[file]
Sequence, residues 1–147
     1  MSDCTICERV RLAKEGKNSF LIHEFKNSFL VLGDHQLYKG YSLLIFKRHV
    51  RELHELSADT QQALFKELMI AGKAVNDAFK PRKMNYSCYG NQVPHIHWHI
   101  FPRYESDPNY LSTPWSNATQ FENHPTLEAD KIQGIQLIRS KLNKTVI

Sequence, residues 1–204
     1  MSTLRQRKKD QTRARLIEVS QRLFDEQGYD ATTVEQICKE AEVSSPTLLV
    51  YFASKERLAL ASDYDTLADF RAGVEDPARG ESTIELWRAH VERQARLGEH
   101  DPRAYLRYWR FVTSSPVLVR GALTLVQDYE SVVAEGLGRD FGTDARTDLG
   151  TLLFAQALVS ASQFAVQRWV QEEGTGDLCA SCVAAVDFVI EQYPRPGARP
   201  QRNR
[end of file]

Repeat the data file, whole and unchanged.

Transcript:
Sequence, residues 1–147
     1  MSDCTICERV RLAKEGKNSF LIHEFKNSFL VLGDHQLYKG YSLLIFKRHV
    51  RELHELSADT QQALFKELMI AGKAVNDAFK PRKMNYSCYG NQVPHIHWHI
   101  FPRYESDPNY LSTPWSNATQ FENHPTLEAD KIQGIQLIRS KLNKTVI

Sequence, residues 1–204
     1  MSTLRQRKKD QTRARLIEVS QRLFDEQGYD ATTVEQICKE AEVSSPTLLV
    51  YFASKERLAL ASDYDTLADF RAGVEDPARG ESTIELWRAH VERQARLGEH
   101  DPRAYLRYWR FVTSSPVLVR GALTLVQDYE SVVAEGLGRD FGTDARTDLG
   151  TLLFAQALVS ASQFAVQRWV QEEGTGDLCA SCVAAVDFVI EQYPRPGARP
   201  QRNR